Tumblr replies are back, finally, and better than ever
Wildly popular blogging platform tumblr is restoring one of its most-missed features, adding back replies to posts. The feature allows tumblr users to add comments to one specific post, without having to reblog it to their own blog, and had been removed when tumblr introduced private messaging in 2015.
An instant messaging chat system had, in fact, been another widely-requested feature for tumblr to add, but its arrival had a sting in the tail. Replies, the Yahoo-owned company explained, proved to be incompatible with the back-end changes involved in setting up IM and as such had been deactivated.
tumblr has a variety of ways to respond to posts, and had begun to get fairly confusing in the process. As well as the ability to reblog someone else’s content – the cornerstone of the whole platform – with a comment appended, there are private messages, “Asks”, fan mail, and “likes”.
Replies straddled the line between reblogging publicly and sending a private message. While they would be sent as a message notification to the recipient, they’d also be visible to every visitor of the page by clicking into the post’s notifications.
The feature’s absence, therefore, had become a long-standing point of contention among loyal tumblr users, who generally lacked confidence in the engineering team’s promises that it would, eventually, return.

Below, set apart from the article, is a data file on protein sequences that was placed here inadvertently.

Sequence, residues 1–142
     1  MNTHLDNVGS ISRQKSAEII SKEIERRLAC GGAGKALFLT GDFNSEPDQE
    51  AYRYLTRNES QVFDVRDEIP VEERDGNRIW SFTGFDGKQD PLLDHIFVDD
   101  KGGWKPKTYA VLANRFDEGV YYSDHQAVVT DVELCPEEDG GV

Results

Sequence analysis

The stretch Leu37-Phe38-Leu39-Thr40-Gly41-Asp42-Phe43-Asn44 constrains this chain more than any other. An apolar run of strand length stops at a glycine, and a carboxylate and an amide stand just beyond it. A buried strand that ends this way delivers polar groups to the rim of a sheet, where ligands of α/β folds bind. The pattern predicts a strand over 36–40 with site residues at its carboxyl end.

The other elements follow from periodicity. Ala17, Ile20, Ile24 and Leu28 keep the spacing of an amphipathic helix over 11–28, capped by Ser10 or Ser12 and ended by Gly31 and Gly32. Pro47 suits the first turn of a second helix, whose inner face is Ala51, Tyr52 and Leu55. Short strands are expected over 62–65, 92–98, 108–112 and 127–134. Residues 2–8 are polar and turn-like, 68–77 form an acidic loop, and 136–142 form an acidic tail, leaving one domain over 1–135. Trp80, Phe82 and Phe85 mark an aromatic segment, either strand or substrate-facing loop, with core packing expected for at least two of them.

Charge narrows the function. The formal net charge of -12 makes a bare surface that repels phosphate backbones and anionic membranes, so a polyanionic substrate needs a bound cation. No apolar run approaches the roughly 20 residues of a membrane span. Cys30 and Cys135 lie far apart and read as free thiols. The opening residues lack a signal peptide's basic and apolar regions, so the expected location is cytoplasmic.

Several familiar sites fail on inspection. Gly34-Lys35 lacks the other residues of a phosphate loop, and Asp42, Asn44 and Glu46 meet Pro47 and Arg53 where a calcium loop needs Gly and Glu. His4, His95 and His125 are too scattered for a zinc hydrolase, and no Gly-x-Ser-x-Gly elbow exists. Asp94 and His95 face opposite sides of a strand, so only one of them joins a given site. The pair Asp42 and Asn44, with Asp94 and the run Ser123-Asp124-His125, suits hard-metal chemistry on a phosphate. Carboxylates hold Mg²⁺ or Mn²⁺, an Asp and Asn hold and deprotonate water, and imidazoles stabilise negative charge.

Now, however, it’s finally coming back, and tumblr says that when replies roll out today there’ll be a few other changes too.
For instance, the notifications dialog is getting streamlined. Basic likes and reblogs will be condensed into a side-scrolling bar rather than a long list, making public replies more straightforward to browse through.
Replies can also be made by the post’s author, and multiple replies can be added by each person, so that fuller conversations can be carried out. Replies will be supported on reblogs, too, rather than just original posts.
Meanwhile, there’ll be new settings to control who can reply, ranging from full open-access, through a time-related whitelist based on those people who have been following for at least a week, and – most strictly – limiting replies to only those who the individual tumblr user themselves follows.
It’s likely to come as a welcome re-introduction for keen tumblr users, though Yahoo’s core issue – monetizing the platform – remains outstanding.